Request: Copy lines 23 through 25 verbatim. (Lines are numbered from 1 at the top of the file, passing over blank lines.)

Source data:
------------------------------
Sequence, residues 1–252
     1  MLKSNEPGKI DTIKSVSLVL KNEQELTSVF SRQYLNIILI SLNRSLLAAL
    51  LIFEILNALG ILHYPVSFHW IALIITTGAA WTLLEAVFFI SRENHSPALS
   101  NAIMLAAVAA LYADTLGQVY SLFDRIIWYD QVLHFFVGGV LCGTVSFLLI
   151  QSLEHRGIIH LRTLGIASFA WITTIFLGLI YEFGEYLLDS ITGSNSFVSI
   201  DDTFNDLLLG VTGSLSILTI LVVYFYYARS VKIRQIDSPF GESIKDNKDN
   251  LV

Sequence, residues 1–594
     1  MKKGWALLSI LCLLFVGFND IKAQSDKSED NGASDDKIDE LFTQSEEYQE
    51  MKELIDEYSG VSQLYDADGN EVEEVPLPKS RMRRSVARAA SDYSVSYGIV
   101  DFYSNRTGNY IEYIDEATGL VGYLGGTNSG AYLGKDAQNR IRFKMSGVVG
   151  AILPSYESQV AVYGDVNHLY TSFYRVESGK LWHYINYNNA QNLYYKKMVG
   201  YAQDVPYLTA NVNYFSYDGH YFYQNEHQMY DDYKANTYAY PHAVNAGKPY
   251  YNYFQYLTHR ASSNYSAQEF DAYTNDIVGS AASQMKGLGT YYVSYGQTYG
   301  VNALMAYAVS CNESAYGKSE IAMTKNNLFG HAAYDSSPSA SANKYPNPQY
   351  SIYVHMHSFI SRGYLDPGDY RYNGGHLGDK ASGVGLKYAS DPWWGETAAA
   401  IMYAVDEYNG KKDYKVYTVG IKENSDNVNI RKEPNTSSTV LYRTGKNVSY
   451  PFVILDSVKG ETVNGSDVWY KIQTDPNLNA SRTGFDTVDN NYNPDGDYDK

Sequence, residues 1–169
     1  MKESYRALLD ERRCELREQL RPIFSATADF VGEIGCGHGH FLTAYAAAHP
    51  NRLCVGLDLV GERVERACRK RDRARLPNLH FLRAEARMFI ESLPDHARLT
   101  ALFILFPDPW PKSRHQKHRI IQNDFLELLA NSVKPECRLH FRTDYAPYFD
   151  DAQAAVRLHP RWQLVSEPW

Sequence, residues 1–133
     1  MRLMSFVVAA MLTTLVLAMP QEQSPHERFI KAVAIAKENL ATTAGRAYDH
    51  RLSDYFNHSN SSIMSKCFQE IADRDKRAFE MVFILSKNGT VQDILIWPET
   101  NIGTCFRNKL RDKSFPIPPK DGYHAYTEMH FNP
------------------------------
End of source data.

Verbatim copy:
   151  DAQAAVRLHP RWQLVSEPW

Sequence, residues 1–133
     1  MRLMSFVVAA MLTTLVLAMP QEQSPHERFI KAVAIAKENL ATTAGRAYDH